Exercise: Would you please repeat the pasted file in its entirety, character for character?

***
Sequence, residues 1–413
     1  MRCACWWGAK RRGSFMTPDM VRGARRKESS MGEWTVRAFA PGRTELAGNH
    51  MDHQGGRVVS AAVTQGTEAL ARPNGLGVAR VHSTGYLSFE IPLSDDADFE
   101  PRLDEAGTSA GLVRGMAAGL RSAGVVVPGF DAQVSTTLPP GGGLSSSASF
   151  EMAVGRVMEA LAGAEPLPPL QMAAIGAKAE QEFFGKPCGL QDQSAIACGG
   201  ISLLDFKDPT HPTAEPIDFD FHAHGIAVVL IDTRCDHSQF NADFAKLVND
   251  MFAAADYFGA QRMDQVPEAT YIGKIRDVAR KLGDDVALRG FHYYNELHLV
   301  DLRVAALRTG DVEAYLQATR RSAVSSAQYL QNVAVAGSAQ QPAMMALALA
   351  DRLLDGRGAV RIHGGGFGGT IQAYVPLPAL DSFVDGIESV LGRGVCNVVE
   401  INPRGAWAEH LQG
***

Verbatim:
Sequence, residues 1–413
     1  MRCACWWGAK RRGSFMTPDM VRGARRKESS MGEWTVRAFA PGRTELAGNH
    51  MDHQGGRVVS AAVTQGTEAL ARPNGLGVAR VHSTGYLSFE IPLSDDADFE
   101  PRLDEAGTSA GLVRGMAAGL RSAGVVVPGF DAQVSTTLPP GGGLSSSASF
   151  EMAVGRVMEA LAGAEPLPPL QMAAIGAKAE QEFFGKPCGL QDQSAIACGG
   201  ISLLDFKDPT HPTAEPIDFD FHAHGIAVVL IDTRCDHSQF NADFAKLVND
   251  MFAAADYFGA QRMDQVPEAT YIGKIRDVAR KLGDDVALRG FHYYNELHLV
   301  DLRVAALRTG DVEAYLQATR RSAVSSAQYL QNVAVAGSAQ QPAMMALALA
   351  DRLLDGRGAV RIHGGGFGGT IQAYVPLPAL DSFVDGIESV LGRGVCNVVE
   401  INPRGAWAEH LQG